Before Bel Rio: Jim Baldi and the death of Boheme

dish-papayanisandbaldi"First it was Clive, then it was Jim, who I'd known for 20 years," says Boheme owner Tom Fussell, of his former chef, Clive Papayanis (left), who has been charged with embezzling from the restaurant, and Jim Baldi, who Fussell says also stole from the restaurant immediately before it closed in 2008. MUGSHOT COURTESY ACRJ/FILE PHOTO BY DAVE MCNAIR

The recent news that embattled Bel Rio owner Jim Baldi has disappeared and left authorities in hot pursuit over allegedly widespread financial shenanigans comes as no shock to Tom Fussell.  The owner of the now defunct Bohšme restaurant on East Market Street, Fussell blames Baldi for Boheme's failure and contends that had authorities arrested Baldi in 2008, the ensuing Bel Rio debacle might never have happened.

In July, Baldi took center stage in a media maelstrom, when–- after months of fighting accusations that Bel Rio music was harming the surrounding Belmont neighborhood–- he inexplicably closed the doors and disappeared. Within weeks, Baldi, who also worked as a bookkeeper, was charged with embezzling from a client, and a Bel Rio partner alleged that Baldi failed to make a promised investment and stole restaurant proceeds.

"He pretty much did the same thing to me," says Fussell. "He ruined me."

Fussell says that in 2007 he was riding high on the success of his then new French bistro in the old Michie building.

"We had just won three awards from the Daily Progress in their "Reader's Choice" contest," Fussell recalls. But despite the accolades, financial trouble was brewing. Then chef Clive Papayanis was allegedly stealing. Papayanis, arrested on August 27 and now incarcerated in the Albemarle Charlottesville Regional Jail, faces embezzling charges relating to Bohšme. His attorney, public defender Lacey Parker, did not return the Hook's call by presstime.

Shaken by Papayanis' alleged betrayal, Fussell says he decided that in addition to a new chef, he needed a new bookkeeper. He turned to someone he considered an old friend.

"I knew Jim Baldi from the '80s," says Fussell. The two had worked at a place called La Zona Rosa, in Downtown Mall's Central Place (today the site of Zocalo).

No longer a waiter, Baldi had "metamorphosed" into a bookkeeper, Fussell says, so he hired the dapperly dressed Baldi to balance Bohšme's books in January 2008. When Baldi allegedly offered to invest $30,000 of his own funds, Fussell says he was thrilled.

"I thought, 'That's so great–-  here's someone I know willing to get in here and be part of the business,'" Fussell recalls. The gratitude didn't last.

Fussell says Baldi's supposed personal investment boosted his trust, so he handed over access to the restaurant's bank accounts and financial records. In addition to taking over bookkeeping, Baldi hired new staff to replace Papayanis, but he allegedly made another significant change: he stopped providing Fussell with the restaurant's financial records.

"March goes by, April comes in," Fussell recalls, "and we hadn't been receiving any information."

When Fussell and his wife asked to see statements, he says, Baldi "kept saying it was being taken care of" and, when pressed, would "wave papers in front of my face," declining to let Fussell–- who had given Baldi the restaurant's only mailbox key– take a closer look because the documents supposedly also contained Baldi's personal financials.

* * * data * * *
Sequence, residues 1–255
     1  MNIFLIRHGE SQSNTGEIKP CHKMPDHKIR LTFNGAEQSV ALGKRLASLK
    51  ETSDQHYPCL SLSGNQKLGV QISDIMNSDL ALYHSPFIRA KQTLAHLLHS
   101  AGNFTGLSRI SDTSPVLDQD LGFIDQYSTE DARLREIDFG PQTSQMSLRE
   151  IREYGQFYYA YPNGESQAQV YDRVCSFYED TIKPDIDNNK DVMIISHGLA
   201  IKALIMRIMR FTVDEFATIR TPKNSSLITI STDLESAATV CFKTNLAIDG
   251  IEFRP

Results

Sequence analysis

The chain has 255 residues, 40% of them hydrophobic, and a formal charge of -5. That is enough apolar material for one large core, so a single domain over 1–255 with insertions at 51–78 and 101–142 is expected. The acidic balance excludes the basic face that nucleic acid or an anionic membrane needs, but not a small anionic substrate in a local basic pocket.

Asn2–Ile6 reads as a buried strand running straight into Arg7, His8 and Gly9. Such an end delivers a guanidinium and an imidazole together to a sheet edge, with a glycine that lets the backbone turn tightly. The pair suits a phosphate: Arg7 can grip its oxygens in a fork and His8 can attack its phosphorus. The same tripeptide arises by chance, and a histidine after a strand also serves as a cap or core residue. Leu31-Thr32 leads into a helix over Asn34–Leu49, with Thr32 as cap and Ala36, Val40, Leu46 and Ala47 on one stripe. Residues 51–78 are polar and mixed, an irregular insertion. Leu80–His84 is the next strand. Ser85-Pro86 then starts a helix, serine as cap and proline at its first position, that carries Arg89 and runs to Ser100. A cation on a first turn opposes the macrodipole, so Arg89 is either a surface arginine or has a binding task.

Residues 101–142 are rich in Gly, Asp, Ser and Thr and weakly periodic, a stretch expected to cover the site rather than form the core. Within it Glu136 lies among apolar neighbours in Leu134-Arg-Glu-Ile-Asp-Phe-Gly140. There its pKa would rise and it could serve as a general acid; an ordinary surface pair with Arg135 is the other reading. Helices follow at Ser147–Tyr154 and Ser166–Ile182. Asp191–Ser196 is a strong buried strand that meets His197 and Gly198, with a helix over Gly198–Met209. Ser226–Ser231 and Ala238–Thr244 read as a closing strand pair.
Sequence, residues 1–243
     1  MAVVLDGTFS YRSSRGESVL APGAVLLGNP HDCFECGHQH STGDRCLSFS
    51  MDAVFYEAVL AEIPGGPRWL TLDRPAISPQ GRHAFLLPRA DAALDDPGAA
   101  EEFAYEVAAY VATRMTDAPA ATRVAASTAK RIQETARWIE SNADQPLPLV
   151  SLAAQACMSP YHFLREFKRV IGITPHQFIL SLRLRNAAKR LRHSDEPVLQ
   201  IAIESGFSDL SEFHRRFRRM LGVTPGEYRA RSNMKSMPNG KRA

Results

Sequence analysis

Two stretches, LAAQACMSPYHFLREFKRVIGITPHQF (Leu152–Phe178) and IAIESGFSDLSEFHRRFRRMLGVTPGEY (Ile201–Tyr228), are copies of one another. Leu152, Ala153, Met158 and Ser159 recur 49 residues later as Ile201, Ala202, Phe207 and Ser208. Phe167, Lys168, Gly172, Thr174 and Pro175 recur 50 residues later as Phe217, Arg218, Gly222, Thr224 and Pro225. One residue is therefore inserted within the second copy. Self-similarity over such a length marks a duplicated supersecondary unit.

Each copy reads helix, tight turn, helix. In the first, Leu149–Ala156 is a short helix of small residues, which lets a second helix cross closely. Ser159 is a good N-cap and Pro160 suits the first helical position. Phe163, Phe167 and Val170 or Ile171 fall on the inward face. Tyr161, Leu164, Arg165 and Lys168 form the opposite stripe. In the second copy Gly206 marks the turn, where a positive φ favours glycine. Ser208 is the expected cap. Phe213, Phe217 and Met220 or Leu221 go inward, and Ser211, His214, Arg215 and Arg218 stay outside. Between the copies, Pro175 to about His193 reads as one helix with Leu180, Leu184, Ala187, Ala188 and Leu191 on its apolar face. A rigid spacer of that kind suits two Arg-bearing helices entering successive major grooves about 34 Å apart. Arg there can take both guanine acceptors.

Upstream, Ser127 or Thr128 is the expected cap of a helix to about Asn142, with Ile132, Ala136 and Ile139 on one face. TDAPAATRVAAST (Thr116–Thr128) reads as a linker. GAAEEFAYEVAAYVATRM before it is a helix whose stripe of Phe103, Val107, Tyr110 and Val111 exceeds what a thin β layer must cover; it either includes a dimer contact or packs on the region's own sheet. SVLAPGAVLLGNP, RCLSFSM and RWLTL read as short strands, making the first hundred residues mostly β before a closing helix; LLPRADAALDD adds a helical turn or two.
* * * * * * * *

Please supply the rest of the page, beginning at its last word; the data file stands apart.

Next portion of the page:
"We were like, 'but that's our financial stuff," says Fussell, who acknowledges he didn't take decisive action until it was too late.

In May 2008, the patio opened to a thriving season including a booming UVA graduation weekend. Yet Baldi allegedly approached Fussell with a grim expression.

"He said, 'That's it. We're done. There's no more money," Fussell recalls

Stunned, Fussell says he struggled to understand where the funds had gone and repeatedly asked Baldi for an accounting, but Baldi, he says, "stonewalled."

And when Fussell approached Charlottesville Commonwealth's Attorney Dave Chapman hoping to press charges, he says, he was told he needed financial records– records Baldi was allegedly refusing to provide unless Fussell and his wife provided documentation of their own.

"Baldi said, 'We're missing 22 receipts for 22 cash disbursements taken out by Mr. Fussell," says Fussell, who denies knowledge of such cash disbursements. "He was accusing us of embezzling from our own company."

Chapman declines to comment on any pending investigation.

A call to the restaurant's credit card company revealed even more disturbing news, Fussell says. He claims he learned that customer charges were no longer getting deposited into the restaurant's account but had instead begun going into an account Baldi had recently opened. Baldi had allegedly engineered the switch, says Fussell, who says he was told the bank wouldn't let him see the statements because his name wasn't on the account.

Fussell also discovered that taxes and bills were going unpaid, leaving Bohšme owing creditors (which include the Hook) "in the tens of thousands."

"When he destroyed the business, he left me with nothing," says Fussell. "I lost two houses, my catering company, my sports car, my van, everything," he says. "Not to mention my reputation."

Today, still saddled with debt because, he says, he can't afford bankruptcy, Fussell has moved to Ohio, where he works for a corporate chain restaurant making $300 a week and hoping that with the Bel Rio investigation, charges may emerge against Baldi for his alleged role in Boheme's demise.

Baldi, who remains a fugitive and has not retained legal counsel to the Hook's knowledge, could not be reached for comment.

Fussell says news that Baldi allegedly harmed other businesses after his time at Bohšme is particularly difficult to hear.

"Had they taken action in 2008 I might have received some type of restitution," Fussell says. "And on top of that, how many other people got abused by this guy?"

This story is a part of the The Jim Baldi story special.

29 comments

You're so right.

I think that when he surfaces it will be on the first episode of his new reality show. Like "Lost" meets "Flavor of Love". Maybe.

@The DH: If you can tell me what's inaccurate in the article, I'd be glad to investigate further. You can reach me at stuart@readthehook.com -- Courteney Stuart

Tom Fussel's story doesn't add up either. Who would turn over teh financial side of their business to someone and then not look at the books for months. Absurd.

Whenever I hear stories like this it seems the bank is always involved. How could checks written to his business in his name be deposited into an accont that has no affiliation to him. Should have been a red flag to someone at the bank unless they were also involved and not following procedures. Something to check into...

Also am with above comment by The LT, as well...

But of course...